Bloody Syria computer game proves a level too far for tech-heads
'Endgame: Syria' (photo: Auroch Digital)
Fictional violence has long been a source of inspiration for video games. But while players might jump at the chance to become their favorite action hero battling the bad guys, for many it is a different story when the inspiration behind the game is real life bloodshed.
‘Endgame:Syria’, claims to give mobile video gamers across the world the chance to venture into the Middle East and take part in the Syrian conflict from the comfort of their own homes.
Players adjust variables of the war, deploy military units and pick political paths to guide them through, as they take on the part of the Syrian rebels, fighting to push the conflict to its ‘endgame’.
So while real-life opposition fighters make daily decisions that end lives, gamers are given the luxury of playing and re-playing events to see how different choices on the ground might lead to different outcomes.
While the game has been widely slammed for trivializing and even glorifying the Syrian struggle, the company behind the game, Auroch Digital, has publicly defended its decision.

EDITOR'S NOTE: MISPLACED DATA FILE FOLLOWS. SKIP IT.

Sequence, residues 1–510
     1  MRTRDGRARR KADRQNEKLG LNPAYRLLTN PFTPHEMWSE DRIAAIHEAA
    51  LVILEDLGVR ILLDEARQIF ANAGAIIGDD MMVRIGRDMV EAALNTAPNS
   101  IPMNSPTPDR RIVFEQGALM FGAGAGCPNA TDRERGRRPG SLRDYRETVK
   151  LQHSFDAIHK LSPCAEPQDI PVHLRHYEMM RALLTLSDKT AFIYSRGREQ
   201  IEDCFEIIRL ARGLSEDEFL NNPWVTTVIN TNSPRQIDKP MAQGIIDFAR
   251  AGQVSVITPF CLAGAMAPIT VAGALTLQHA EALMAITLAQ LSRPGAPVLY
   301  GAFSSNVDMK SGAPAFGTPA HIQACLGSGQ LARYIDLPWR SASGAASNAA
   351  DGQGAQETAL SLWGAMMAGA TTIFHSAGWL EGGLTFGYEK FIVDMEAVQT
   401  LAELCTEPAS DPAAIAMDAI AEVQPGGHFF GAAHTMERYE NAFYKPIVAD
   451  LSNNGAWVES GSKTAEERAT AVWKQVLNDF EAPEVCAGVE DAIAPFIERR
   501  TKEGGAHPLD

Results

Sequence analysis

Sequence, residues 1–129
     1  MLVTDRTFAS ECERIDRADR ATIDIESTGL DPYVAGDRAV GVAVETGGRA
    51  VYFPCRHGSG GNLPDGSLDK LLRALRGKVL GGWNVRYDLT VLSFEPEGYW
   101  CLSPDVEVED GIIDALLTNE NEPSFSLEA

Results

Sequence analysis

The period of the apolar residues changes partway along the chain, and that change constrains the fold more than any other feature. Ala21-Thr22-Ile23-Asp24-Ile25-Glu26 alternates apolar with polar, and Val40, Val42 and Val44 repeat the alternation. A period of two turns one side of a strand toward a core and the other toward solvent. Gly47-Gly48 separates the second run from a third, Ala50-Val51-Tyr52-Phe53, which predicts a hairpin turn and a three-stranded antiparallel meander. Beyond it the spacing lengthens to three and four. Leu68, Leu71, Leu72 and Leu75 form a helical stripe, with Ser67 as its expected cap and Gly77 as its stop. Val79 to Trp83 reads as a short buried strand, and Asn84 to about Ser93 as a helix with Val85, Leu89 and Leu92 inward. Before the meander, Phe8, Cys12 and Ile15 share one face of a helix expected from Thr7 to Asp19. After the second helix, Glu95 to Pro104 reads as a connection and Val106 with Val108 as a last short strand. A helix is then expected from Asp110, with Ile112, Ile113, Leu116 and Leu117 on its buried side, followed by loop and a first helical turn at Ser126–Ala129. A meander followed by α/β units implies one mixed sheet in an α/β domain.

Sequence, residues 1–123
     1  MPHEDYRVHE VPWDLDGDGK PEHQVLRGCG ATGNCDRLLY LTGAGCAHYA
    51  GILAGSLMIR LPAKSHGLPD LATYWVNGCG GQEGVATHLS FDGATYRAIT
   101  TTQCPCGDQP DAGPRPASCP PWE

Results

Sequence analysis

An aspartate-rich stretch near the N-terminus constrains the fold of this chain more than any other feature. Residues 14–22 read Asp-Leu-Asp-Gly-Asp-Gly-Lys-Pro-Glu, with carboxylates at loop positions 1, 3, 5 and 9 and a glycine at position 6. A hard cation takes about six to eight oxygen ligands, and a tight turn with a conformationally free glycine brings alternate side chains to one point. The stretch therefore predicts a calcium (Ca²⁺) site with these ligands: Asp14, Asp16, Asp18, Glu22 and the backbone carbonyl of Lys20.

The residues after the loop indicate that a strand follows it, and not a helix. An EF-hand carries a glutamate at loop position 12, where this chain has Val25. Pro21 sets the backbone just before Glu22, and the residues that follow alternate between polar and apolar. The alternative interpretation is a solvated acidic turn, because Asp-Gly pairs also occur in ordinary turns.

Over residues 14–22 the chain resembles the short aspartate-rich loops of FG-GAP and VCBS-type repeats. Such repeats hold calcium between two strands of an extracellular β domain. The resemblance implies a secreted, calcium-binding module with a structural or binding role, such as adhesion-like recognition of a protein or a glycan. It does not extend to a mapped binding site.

The makers claim that, despite its somewhat misleading name, ‘Endgame: Syria’ is in fact a novel way of educating the public about the conflict, bringing news of the Syrian struggle to a new audience.
Considering themselves new-age journalists rather than game developers, the Auroch Digital team claim to be ‘the world's first news correspondents who cover global events as games.’
And with previous titles under their belt, including a game that exposes the cruelty of child labor in Uzbekistan, it seems there is no atrocity that Auroch Digital won’t give the ‘gaming touch’.
While the group says the response to the game has been mainly positive, it was dealt a blow this week when tech giant Apple refused to include it in its App Store.
As Auroch Digital looks at changing the game to make it more attractive to Apple and other potential buyers, gamers around the world have been expressing their outrage.
While fictional fighting might be fun, for many gamers, finding entertainment in an ongoing war that has claimed the lives of over 60,000 people, is a level they don’t want to reach.
What do you think of the game? Is it a good way of educating a new audience about the conflict or does it trivialize the war? Share your comments with us below!
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